Fatal explosion at Ford Rouge plant in Dearborn, Michigan
2 February 1999
A massive explosion and fire ripped through the power station at Ford Motor Company's Rouge River complex in Dearborn, Michigan on Monday afternoon, killing at least one worker and injuring 30 others. With at least two workers still unaccounted for as of Monday night, and many of the injured suffering critical burns over most of their bodies, further loss of life is expected.
The severely burned were transported by helicopter to hospitals in Detroit, Ann Arbor and Toledo, Ohio. Some of the workers were so badly burned they had to be placed inside incubators. Others received head wounds when they were thrown by the blast.
The explosion occurred shortly after 1 p.m. at the Number Three boiler at the power house which generates electricity for the 1,200-acre industrial complex, located about 7 miles outside of Detroit. Witnesses said flames shot up hundreds of feet into the air, and nearby streets were littered with bricks, cinder blocks and debris. One office worker in a building in the giant complex reported that the blast felt like an earthquake, shaking the multistoried building and blowing out windows in cars parked across the street.
About 100 workers were in the power station at the time. One worker, Brian Papke, told reporters, "I thought we were dead because of the way the ceiling and debris fell on us. It was black with smoke and hard to see. I helped one of my coworkers out. He came up to me with his skin burned off and said he was blind." Jerry Sullivan, the president of UAW Local 600, who went to the scene, said, "I haven't seen anything like that since my days in Vietnam."
With the power out Ford management sent the first shift home, and cancelled production at the facility for the afternoon. At the time about 4,000 workers were in the complex, which produces Ford's Mustang model. The Dearborn police cordoned off the area around the plant, concerned that there could be a second explosion.
Soon after the blast a call went out for every available ambulance in the area to rush to the scene, followed by a call for medical helicopters. At one point 75 emergency crews were present. Ambulances lined the streets around the burning building, as heavy gray smoke billowed from the windows. It was well into the evening before the fire was fully extinguished.
The coal-fired station generates enough power to serve a city the size of Boston, according to Ford spokesmen. Workers at the facility, opened shortly after operations at the Rouge complex began in 1918, have long complained about antiquated equipment and dangerous conditions.
In 1989 two maintenance workers were killed by an explosion as they were cleaning a utility tunnel near the power station. The explosion ripped through the half-mile tunnel and ruptured a water main, which led to the drowning of the two men. After canceling the day shift due to a power outage, Ford management, with the support of the UAW, was quick to restore production, despite protests from workers that the asbestos insulation of the tunnel had poisoned the air around the Rouge complex.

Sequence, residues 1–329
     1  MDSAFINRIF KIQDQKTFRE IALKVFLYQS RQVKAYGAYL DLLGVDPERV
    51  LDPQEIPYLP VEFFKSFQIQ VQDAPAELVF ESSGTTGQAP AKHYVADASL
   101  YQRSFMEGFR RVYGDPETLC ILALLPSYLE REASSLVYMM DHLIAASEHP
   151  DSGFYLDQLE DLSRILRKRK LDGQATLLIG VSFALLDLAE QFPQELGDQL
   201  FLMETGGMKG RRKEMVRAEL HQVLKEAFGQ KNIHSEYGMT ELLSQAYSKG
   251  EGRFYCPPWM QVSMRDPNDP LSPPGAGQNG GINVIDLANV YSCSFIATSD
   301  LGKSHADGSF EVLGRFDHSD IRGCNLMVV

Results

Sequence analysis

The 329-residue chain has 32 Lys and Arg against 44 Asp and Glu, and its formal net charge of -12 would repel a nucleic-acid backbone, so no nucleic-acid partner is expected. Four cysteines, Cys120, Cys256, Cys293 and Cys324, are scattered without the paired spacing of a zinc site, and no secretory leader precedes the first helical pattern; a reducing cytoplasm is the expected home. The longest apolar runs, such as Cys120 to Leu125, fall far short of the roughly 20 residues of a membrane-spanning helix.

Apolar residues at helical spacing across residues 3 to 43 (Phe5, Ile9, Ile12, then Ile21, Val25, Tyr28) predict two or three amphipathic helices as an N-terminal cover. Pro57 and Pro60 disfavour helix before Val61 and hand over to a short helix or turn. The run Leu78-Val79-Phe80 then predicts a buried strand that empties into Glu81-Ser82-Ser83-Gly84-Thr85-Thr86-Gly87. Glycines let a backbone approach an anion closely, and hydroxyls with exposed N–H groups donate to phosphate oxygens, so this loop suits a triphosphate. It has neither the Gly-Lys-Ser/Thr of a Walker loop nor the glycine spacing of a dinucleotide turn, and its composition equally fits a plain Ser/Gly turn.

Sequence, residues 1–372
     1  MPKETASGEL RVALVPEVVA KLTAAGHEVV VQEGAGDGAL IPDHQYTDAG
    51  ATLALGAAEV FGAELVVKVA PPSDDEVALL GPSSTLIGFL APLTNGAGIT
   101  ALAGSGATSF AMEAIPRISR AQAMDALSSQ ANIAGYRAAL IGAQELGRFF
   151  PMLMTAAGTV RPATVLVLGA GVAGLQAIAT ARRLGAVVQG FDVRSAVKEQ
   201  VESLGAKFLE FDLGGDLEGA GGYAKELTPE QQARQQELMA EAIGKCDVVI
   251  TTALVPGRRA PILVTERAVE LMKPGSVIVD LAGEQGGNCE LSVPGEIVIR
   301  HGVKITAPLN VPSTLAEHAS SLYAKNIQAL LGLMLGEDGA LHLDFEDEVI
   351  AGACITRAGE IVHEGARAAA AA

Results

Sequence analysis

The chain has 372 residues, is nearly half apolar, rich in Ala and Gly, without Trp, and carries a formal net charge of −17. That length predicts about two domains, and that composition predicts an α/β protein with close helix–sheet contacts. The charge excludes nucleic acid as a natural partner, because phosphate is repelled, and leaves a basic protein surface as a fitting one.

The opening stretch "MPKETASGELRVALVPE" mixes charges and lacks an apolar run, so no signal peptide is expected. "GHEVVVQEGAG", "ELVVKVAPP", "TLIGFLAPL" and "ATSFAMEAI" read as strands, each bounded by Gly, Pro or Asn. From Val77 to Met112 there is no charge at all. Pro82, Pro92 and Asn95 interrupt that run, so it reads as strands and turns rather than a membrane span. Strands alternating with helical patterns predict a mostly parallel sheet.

On Monday, UAW Local 600 President Sullivan told reporters, "This is an old facility and a very dangerous place to work. There are gas lines, steam lines and high-pressure lines. You have to keep it in tip-top shape to operate." He announced that the union would participate in a joint labor-management investigation along with the Michigan Occupational Safety and Health Administration.
The present conditions, however, are chiefly the product of the union's collaboration with management. Beginning in the 1970s, the UAW accepted the destruction of the jobs, safety and working conditions of it membership in the name of increasing productivity and strengthening Ford's position against its international and domestic competitors.
With little resistance from the UAW, Ford eliminated tens of thousands of jobs at the Rouge complex, once the world's largest automotive manufacturing facility. At its peak in the 1940s, 85,000 people worked there. As late as the 1980s, it still employed nearly 20,000. Only about 8,000 workers remain at the six Ford and outside supplier factories that are still in operation.
The world's second largest automobile company made $6.6 billion last year. With cash reserves of $23.8 billion, Ford recently bought the car operations of Volvo AB of Sweden for $6.45 billion, and is looking for other companies to acquire.
A skilled tradesman who works in the power plant told the World Socialist Web Site, "Men are dead and as far as I'm concerned it did not have to happen. Any time you have an explosion like this, there is a safety breach. In my view, there is not enough money spent on maintenance and safety considering the conditions we work under.
"I came from the chemical environment where I took my apprenticeship and hired into Fords about nine years ago. When you are dealing with natural gas, nitrogen or any type of volatile material the company has various safety measures in place. My question is whether or not they were enforced. With the type of explosion that took place, gas was involved.
"The boiler the men were working on was turned off, and in my opinion gas must have been released when they cut into a line, and this wouldn't have happened if certain procedures were followed. In my opinion, this was a gas explosion. We will follow very carefully any investigation that is done, but I must admit a certain skepticism. The men and I comment all the time about the fact that the union is being paid by the company as well as collecting our dues. Everything is presented as a joint project between the UAW and Ford Motor Company. My feeling is that the union should only be paid by the workers, because then we contract them to work in our interests. If they receive money from the company, they will help cover certain things up."